Hani Yousuf and Lisa Friedman, Special for USA TODAY
KARACHI, Pakistan -Former Pakistani Prime Minister Nawaz Sharif declared victory as unofficial, partial vote counts showed his party with an overwhelming lead following a historic election marred by violence Saturday, including a string of attacks that killed 29 people.
If his victory is confirmed, it would be a remarkable comeback for the 63-year-old Sharif, who has twice served as the country's premier but was toppled in a military coup in 1999. He spent years in exile before returning to the country in 2007. His party weathered a strong campaign by former cricket star Imran Khan that energized Pakistan's young people.
Sharif expressed a desire to work with all parties to solve the country's problems in a victory speech given to his supporters in the eastern city of Lahore as his lead in the national election became apparent based on unofficial, partial vote counts announced by local Pakistan state TV.
The results indicated Sharif's party has an overwhelming lead, but would fall short of winning a majority of the 272 directly elected national assembly seats, meaning he would have to put together a ruling coalition.
"I appeal to all to come sit with me at the table so that this nation can get rid of this curse of power cuts, inflation and unemployment," Sharif said.
Voters turned out in droves in the hope of pushing for a solution to the nation's woes in a historic election that marks the country's first democratic transition of power in its 66-year history, despite a string of terrorist attacks.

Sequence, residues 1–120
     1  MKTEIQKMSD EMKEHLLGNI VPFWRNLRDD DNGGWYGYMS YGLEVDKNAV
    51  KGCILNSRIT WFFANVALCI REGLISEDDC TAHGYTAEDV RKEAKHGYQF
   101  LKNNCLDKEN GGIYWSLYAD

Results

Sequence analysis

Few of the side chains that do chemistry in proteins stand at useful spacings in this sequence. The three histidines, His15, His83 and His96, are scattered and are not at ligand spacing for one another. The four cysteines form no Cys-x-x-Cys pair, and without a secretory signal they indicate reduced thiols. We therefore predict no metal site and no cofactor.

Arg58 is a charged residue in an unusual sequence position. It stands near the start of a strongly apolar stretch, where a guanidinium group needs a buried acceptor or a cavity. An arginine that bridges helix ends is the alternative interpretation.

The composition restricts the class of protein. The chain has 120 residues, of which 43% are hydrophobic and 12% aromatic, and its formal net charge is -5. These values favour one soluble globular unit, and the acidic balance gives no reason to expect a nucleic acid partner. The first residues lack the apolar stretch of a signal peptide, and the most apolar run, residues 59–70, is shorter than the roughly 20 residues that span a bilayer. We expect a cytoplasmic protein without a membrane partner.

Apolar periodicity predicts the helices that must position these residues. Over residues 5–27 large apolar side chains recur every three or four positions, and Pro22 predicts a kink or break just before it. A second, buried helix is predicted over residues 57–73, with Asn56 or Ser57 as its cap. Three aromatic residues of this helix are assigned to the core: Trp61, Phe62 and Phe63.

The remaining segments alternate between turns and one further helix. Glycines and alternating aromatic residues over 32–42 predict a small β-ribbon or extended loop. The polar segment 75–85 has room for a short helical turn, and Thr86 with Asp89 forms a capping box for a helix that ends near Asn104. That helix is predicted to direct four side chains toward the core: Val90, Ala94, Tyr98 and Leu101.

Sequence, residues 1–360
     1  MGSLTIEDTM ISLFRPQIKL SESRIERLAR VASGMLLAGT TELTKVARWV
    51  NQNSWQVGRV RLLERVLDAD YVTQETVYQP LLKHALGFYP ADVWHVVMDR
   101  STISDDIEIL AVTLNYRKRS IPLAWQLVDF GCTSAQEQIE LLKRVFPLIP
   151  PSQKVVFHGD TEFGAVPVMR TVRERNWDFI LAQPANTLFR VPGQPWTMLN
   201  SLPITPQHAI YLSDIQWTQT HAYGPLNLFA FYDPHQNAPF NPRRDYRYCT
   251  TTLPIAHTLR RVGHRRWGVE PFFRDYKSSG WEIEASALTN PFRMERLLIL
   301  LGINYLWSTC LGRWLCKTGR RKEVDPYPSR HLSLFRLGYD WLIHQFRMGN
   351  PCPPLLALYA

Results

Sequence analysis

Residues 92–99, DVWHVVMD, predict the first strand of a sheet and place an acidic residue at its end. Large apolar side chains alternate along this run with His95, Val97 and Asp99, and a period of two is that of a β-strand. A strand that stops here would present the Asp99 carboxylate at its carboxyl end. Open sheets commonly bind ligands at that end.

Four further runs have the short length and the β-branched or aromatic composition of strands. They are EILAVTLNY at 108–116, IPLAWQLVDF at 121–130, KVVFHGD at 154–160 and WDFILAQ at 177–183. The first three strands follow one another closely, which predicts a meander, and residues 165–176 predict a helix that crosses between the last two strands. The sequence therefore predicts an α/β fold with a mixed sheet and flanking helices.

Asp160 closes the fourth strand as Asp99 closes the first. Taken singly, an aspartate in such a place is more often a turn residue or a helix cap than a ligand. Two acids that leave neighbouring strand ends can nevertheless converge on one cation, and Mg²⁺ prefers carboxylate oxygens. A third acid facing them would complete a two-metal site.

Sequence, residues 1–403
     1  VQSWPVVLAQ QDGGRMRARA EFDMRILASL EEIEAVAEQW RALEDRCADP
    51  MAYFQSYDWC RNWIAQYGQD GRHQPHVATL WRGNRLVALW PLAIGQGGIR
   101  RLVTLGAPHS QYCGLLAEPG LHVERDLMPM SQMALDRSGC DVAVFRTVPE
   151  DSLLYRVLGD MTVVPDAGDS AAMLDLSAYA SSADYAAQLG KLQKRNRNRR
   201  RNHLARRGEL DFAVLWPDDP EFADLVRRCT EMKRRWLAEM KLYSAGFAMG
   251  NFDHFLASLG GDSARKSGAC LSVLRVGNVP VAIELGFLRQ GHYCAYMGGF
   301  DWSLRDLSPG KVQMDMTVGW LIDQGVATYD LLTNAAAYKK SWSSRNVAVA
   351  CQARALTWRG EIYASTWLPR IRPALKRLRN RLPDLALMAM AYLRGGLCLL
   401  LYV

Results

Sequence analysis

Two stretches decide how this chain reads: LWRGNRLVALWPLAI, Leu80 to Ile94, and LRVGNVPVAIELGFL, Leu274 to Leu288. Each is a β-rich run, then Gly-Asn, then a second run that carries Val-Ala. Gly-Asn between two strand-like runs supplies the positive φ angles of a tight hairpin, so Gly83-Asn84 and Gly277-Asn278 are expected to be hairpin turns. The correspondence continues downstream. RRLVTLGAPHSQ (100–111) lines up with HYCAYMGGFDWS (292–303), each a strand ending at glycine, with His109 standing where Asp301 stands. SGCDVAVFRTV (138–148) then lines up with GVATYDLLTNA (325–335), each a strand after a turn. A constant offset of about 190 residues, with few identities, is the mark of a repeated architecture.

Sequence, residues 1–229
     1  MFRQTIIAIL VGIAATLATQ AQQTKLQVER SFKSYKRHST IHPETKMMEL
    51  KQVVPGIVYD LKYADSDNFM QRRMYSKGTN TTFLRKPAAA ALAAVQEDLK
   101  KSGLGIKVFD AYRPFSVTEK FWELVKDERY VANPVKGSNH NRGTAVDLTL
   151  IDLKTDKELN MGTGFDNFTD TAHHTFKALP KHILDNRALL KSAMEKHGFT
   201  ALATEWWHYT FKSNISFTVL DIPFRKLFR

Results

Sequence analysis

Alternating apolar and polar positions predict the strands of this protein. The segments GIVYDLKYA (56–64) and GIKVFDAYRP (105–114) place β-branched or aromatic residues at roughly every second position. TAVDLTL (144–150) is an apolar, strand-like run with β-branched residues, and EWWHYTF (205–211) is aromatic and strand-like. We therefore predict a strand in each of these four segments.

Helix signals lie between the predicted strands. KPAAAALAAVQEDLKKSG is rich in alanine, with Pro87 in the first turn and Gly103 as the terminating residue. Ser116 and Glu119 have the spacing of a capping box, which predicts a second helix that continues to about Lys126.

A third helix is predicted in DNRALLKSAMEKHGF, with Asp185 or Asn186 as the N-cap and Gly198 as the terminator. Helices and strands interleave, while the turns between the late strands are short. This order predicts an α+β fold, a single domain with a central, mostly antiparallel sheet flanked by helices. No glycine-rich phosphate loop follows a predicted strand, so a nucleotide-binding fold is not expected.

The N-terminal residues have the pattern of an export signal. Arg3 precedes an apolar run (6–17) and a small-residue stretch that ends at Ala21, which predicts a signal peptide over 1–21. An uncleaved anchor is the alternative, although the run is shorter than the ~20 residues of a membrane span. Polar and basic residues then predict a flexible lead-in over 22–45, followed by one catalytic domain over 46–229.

One attack targeted the office of the Awami National Party (ANP) on Saturday morning, killing at least 10 and wounding more than 30. In the town of Sorab in the southwestern province of Baluchistan, gunmen targeted people outside a polling station.
The violence comes following the deaths of more than 150 people in pre-election attacks including a suicide bombing, kidnappings and the slaying of the prosecutor investigating the death of former prime minister Benazir Bhutto.
STORY: Pakistani women cast votes in election
"There is violence in the country and some people are trying to see these elections fail, but we are hopeful," said Maleeha Kiyani, a 21-year-old political science student from Faisalabad, west of Lahore.
Dressed in green and standing in line at a polling station in Karachi's affluent Defence neighborhood, Ayesha Athar, 22, waited with her sister, Wersha, 23, to vote after polls were late to open.
"I think for the first time, we feel like this might be a free and fair election," Ayesha said. "But people are so pumped up, (officials) are going down the line and asking people not to leave before they vote."
In addition to Sharif's apparent lead, it also appeared that the Pakistan Tehreek-e-Insaf Party (PTI), led by the charismatic former cricket star Imran Khan, could deprive the PML-N of crucial seats in the province of Punjab and of the majority the party needs in parliament to give Sharif hope of leading the country.